It’s no secret there’s a huge income and wealth gap in the U.S. and the ongoing stalemate in Congress suggests it’s not going to change any time soon. In addition, there doesn’t seem to be much political will to close the gap.
According to Wikipedia’s sources, a person needs to make at least $500,000 to be considered in the top 1% of wage earners and a very large percentage of those folks make significantly more than that. I cannot speak for all the members of the Muffia but I don’t make anything near $5oo,ooo. What I earn in a year not only puts me squarely in the 99%, it puts me in the bottom 50%. Still, I make more than a lot of people do.
When the Occupy movement began, I hadn’t yet finished writing The Muffia but I’d already had the thought, that if the book ever found a publisher—Thank you Water Street Press—that I would tithe, that is give, 10% of whatever the book made to charitable causes. I brought the idea to the members of the real life Muffia and they loved it. Tithing originated with the Old English practice of giving one tenth of one’s cattle sales, baked goods, whatever– to a religious entity. These days, tithes are generally voluntary and include many different kinds of giving. The Muffia wants to give to groups helping girls and women.
Why do I want to do this? There are lots of reasons. In a society where what and how much we have often seems to matter more than the content of our characters, I feel like I have enough. Sure, there’s a lot of stuff I want, but not much I truly need. Why it’s necessary for the über rich to have 17 homes and 2 private jets escapes me. Beyond a certain point, I can’t spend any more money. I only need one car and I want it to be a car I’m not worried about somebody stealing or keying; I only need one house, though I concede it could be fun to have a vacation home; I don’t need more jewelry or to throw “show me the money” parties. To me, these things are extravagances that add complication and worry even if a few people might look at me and say, “Wow, look what she has!” I’d much rather they admire me for what I’ve accomplished, not purchased.
It seems to me that no matter how much a person makes, there are many reasons to give some of it away: There are charitable deductions; there is feeling good for being generous; there’s the thanks one gets at having helped. I also don’t understand why more of those people in the top 1% of earners can’t seem to acknowledge—this is a big one you CEO’s: You would not have a salary at all if the 99% weren’t buying your phones, cereal, adult diapers and financial products. The 99% put you there so why not pay them back? An individual’s long-term self-interest could almost mandate giving some of one’s income back. History even tells us this. Cultures far older than ours have learned that when income disparity grows too great, the 99% may revolt.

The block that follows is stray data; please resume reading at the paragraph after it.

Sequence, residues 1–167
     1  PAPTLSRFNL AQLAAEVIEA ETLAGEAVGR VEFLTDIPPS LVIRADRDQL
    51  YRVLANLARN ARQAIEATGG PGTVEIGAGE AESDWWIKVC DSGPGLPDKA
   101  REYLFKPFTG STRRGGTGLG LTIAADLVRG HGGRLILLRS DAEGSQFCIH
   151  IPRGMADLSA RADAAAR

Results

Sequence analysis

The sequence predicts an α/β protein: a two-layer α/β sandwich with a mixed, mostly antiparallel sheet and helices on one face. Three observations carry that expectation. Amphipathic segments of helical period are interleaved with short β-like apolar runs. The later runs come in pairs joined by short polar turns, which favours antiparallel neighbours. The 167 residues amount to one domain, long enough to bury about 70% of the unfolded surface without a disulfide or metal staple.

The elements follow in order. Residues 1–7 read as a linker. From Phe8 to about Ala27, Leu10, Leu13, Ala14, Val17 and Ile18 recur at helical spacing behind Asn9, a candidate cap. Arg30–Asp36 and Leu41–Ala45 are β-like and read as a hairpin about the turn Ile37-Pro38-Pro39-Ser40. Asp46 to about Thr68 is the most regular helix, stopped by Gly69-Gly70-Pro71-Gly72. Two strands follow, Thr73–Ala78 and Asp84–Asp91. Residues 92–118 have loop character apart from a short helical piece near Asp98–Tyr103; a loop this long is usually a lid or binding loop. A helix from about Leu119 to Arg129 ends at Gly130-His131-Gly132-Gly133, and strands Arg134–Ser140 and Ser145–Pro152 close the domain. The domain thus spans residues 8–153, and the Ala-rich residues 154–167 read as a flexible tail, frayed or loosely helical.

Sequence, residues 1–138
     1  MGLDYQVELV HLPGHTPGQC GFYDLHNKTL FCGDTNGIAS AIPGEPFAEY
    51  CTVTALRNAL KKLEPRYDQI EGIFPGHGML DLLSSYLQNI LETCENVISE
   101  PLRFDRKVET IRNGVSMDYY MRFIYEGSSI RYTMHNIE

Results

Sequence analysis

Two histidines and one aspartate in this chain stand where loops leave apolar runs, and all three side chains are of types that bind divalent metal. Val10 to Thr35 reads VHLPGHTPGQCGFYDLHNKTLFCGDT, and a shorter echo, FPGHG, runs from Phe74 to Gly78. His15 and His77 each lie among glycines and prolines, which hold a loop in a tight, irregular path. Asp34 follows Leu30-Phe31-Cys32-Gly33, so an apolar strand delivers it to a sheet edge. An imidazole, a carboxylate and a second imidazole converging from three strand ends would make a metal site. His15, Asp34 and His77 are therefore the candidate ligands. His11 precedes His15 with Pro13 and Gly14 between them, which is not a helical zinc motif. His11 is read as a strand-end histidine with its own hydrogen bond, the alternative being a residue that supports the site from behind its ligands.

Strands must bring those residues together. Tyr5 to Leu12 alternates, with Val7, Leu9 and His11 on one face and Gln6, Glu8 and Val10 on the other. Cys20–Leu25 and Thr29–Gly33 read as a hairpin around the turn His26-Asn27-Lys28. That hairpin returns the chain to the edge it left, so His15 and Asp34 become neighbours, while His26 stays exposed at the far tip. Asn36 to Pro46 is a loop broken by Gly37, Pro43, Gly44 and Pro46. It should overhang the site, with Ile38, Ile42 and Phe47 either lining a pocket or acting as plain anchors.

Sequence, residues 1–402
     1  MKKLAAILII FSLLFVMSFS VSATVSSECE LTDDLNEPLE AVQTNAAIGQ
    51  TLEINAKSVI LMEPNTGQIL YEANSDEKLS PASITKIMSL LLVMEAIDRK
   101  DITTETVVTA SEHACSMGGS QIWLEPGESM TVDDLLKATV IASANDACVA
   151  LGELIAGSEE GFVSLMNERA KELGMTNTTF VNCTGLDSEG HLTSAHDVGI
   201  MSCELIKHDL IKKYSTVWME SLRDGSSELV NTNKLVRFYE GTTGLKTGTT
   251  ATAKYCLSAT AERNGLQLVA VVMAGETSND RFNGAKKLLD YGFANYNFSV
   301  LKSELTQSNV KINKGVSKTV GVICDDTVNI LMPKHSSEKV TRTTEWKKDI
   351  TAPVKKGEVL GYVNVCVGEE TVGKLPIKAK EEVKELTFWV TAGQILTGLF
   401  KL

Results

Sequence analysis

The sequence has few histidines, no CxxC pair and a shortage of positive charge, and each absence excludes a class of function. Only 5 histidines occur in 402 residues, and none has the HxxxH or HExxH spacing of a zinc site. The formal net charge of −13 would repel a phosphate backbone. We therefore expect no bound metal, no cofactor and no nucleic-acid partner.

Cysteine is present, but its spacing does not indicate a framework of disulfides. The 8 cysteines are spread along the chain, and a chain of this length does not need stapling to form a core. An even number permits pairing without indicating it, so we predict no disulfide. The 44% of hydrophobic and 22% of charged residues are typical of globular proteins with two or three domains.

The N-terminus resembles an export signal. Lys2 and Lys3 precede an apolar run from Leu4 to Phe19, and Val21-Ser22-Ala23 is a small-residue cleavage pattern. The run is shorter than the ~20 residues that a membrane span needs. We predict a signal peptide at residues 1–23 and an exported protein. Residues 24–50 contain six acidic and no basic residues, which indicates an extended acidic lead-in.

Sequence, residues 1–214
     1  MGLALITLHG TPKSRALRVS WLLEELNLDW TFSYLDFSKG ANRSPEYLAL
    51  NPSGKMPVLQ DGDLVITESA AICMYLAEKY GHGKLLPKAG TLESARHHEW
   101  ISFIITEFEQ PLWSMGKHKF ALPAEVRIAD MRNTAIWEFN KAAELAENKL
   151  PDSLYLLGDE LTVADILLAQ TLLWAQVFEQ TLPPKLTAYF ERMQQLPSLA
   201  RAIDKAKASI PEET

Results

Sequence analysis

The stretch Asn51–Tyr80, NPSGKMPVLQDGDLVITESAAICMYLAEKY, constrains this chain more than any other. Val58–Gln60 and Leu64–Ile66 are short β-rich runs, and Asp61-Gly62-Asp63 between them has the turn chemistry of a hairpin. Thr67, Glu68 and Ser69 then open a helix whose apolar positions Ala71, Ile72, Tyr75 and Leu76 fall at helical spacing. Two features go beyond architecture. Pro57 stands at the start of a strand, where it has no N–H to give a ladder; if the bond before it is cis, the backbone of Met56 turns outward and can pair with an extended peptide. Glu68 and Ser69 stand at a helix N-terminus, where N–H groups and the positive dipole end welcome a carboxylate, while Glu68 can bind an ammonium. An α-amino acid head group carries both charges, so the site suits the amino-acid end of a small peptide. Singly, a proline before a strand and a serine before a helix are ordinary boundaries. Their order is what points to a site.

The wealthy, benevolent few and those planning to give a large portion of their estates away—Bill Gates, George Soros, Warren Buffet, among them—cannot make up for all the heads of banks, brokerage firms and corporations who avoid taxes and are loathe to give unless they get naming rights. When you make $19 million a year, what do you do with all that money?
I’m just one middle class, middle age woman and I’m probably getting too political. I’m realistic enough to know I cannot fix anything but I can do my part to try to improve whatever tiny corner of the world I’m operating in. If The Muffia and I do well in the marketplace, it’s because people have bought my book. Some of those people might be wealthier than I am and others less. But either way, I would not have 10% of anything to tithe without people and that’s why it’s important to give something back.
The Muffia will therefore tithe and do what it can to help girls and women in the bottom of the 99% have a chance for more. Currently, we are concentrating on organizations in the U.S., which provide education, job and mentoring opportunities. Some of the groups we are looking at are Project Return in Connecticut, Women in Recovery in Los Angeles, and Catapult/Women Deliver for International efforts. If you know of some other groups we might add to our list, please feel free to comment here and thanks for reading.